DWI CRIMES

DRIVING WHILE INTOXICATED

An arrest for DWI can be a stressful and frightening experience. After an arrest for DWI, it is important to quickly contact an experienced criminal defense attorney so that all avenues of attack can be preserved. Contact Mrs. Lacayo to schedule a free initial consultation and case evaluation. She will provide an aggressive defense, which may result in dismissed charges, reduced charges, or minimized punishment.

 

YOU ONLY HAVE 15 DAYS TO REQUEST AN A.L.R. HEARING

After you have been arrested for DWI, you only have 15 days to request a hearing with the Department of Motor Vehicles to challenge the administrative suspension of your driver’s license. Mrs. Lacayo can represent you in both your criminal case and your administrative license revocation hearing. See below for more information on A.L.R. hearings.

 

WHAT IS DRIVING WHILE INTOXICATED (DWI) UNDER TEXAS LAW?

In Texas a person is driving while intoxicated, if they are operating a motor vehicle in a public place while they do not have the normal use of their mental or physical faculties by reason of the introduction of:

  • alcohol;

  • controlled substances;

  • drugs such as marijuana or prescription medications; or

  • dangerous drugs such as cocaine, heroin, or meth.

 

OR they are operating a motor vehicle in a public place and they have an alcohol concentration of 0.08 or more.

 

SHOULD I SUBMIT TO A BREATH TEST?

Generally, the answer is yes. Many counties, like Harris County, will issue a warrant every time a breath test is refused. If they believe you are driving while intoxicated, a warrant for a blood test can be achieved quickly and easily. While the “science” of both tests are problematic, the results of a blood test are generally perceived by jurors to be more reliable. Additionally, blood tests are often sent off for drug screenings after it has been analyzed for alcohol concentration. Even if you do not have illegal drugs in your system, the mixture of alcohol and prescription drugs may be used to argue you were intoxicated in your criminal case. The current breath tests only measure alcohol and cannot detect drugs or medications. Additionally, the Department of Motor Vehicles provides for longer administrative license suspensions for those that refuse to provide a test of their breath or blood. Also, if you refuse, the fact that you refused to provide a breath or blood sample can be presented at your trial.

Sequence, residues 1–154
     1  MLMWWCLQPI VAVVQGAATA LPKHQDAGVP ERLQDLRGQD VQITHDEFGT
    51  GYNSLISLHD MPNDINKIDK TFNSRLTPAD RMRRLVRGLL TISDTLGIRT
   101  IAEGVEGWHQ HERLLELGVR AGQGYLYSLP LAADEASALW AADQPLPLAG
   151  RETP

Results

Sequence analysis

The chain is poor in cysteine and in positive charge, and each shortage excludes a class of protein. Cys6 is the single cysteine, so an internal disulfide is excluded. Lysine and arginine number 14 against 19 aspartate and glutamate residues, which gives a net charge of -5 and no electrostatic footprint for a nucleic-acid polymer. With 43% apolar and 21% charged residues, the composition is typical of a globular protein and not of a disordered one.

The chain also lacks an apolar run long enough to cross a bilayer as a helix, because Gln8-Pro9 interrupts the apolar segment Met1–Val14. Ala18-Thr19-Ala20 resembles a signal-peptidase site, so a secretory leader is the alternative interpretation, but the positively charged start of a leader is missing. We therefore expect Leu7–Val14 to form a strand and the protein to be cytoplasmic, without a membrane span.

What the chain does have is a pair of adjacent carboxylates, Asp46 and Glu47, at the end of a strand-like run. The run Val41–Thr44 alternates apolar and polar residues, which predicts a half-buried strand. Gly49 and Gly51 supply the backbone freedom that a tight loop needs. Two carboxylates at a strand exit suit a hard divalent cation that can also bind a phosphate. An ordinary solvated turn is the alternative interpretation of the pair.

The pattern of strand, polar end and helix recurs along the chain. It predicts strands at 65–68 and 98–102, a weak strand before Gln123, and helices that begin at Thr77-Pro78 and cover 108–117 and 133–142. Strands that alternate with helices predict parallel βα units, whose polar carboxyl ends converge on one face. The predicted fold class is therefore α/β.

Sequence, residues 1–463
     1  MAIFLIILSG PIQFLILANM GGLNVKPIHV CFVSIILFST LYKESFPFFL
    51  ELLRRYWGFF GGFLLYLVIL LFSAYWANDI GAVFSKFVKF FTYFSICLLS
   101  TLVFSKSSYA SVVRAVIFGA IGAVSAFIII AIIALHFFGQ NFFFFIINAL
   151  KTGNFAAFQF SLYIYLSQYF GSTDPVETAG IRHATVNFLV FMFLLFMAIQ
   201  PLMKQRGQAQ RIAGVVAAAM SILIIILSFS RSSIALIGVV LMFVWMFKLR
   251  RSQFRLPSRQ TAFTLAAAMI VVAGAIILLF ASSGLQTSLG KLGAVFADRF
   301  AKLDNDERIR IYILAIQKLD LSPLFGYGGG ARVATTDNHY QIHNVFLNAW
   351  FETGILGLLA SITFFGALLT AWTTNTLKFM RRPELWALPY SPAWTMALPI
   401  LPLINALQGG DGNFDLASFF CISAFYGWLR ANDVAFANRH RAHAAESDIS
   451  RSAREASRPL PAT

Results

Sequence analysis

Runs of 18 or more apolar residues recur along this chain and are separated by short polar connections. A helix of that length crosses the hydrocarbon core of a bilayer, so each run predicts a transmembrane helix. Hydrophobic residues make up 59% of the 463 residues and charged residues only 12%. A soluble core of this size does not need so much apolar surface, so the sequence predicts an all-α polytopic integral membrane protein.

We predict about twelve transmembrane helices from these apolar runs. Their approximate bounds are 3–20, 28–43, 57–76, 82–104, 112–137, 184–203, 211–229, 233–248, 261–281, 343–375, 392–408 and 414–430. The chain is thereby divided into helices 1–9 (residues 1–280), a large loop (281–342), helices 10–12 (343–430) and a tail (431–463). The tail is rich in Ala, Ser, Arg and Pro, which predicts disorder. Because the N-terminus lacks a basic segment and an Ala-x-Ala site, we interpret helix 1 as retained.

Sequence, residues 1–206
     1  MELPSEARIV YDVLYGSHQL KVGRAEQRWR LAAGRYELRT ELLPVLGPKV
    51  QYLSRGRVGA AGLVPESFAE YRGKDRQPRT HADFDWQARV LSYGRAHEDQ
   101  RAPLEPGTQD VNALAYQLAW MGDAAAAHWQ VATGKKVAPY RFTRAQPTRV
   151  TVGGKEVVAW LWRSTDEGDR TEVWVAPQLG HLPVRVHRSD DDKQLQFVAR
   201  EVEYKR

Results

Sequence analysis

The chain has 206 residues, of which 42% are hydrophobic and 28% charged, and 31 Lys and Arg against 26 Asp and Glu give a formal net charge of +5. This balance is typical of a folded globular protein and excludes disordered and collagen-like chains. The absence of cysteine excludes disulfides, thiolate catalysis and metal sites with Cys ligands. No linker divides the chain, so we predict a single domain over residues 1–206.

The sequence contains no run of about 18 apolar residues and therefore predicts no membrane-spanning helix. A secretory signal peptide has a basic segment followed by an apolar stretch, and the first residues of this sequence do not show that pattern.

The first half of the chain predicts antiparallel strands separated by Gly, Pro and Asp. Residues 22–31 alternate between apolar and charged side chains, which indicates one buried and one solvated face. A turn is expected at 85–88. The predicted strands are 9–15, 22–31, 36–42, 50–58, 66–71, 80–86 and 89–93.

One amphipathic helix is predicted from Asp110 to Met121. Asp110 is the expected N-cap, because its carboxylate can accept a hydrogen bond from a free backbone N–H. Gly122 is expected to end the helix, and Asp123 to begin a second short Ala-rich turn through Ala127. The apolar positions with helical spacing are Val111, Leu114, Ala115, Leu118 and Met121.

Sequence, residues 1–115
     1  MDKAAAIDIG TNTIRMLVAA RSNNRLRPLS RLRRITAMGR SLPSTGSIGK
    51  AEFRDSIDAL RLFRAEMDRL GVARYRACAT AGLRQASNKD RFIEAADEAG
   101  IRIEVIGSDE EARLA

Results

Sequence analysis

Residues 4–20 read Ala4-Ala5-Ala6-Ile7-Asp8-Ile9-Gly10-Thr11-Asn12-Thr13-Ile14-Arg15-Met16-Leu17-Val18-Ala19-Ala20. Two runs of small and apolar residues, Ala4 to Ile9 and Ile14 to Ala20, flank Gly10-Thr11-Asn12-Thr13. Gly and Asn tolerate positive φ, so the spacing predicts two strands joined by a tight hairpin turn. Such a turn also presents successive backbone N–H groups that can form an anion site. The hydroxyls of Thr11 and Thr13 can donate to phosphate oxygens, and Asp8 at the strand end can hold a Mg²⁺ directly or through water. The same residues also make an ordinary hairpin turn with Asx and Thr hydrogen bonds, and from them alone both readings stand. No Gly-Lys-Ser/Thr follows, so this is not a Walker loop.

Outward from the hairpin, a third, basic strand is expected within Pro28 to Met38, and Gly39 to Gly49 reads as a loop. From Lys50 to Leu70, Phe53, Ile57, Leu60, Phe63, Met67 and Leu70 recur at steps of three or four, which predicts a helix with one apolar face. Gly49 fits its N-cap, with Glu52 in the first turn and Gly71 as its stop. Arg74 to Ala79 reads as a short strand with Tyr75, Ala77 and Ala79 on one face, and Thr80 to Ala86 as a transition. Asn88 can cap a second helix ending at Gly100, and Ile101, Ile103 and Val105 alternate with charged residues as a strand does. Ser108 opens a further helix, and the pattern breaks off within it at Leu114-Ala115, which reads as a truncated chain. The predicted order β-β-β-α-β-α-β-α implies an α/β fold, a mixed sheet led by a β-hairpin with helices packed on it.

The exception is if you are concerned that your BAC may be 0.15 or over. In Texas, a 0.15 BAC or higher enhances a DWI to a Class A misdemeanor, doubling the range of punishment to up to a $4,000 fine and up to a year in jail. In that case, it may be better to hope your BAC falls below that level by the time they get you to the station and through blood testing.

SHOULD I REFUSE FIELD SOBRIETY TESTS?

 

Generally, the answer is yes. If you know you have had nothing to drink and haven’t taken any drugs, taking the test can save you a lot of time and aggravation. However, if you are even somewhat unsure, it is best for you to refuse. The benefit of refusing is that the prosecution will not have footage to use against you in court and will have to rely on potentially unreliable blood or breath analysis to prove that you were intoxicated. However, you will likely be arrested on suspicion of DWI or asked to submit to blood or breath analysis. No one wants to go to jail, but it may help you avoid a DWI conviction. It is always good to request a lawyer to be present for any and all testing. The police are unlikely to satisfy this request, but it can be helpful to have your request documented.

 

TIPS TO HELP YOU AVOID A DWI CONVICTION

 

  1. Don’t drink and drive. But if you are stopped by the police . . .

  2. Do not perform any sobriety tests at all. The officer may request you to do certain things, for example to walk on a straight line, but you can and you should refuse, especially if you suffer from poor balance, or you are under the influence of any alcohol or other substance.

  3. Blow unless you are concerned that your BAC may be 0.15 or over.

  4. Be conscious about your body language and speech. Slurred speech and sloppy body language will be used to demonstrate intoxication.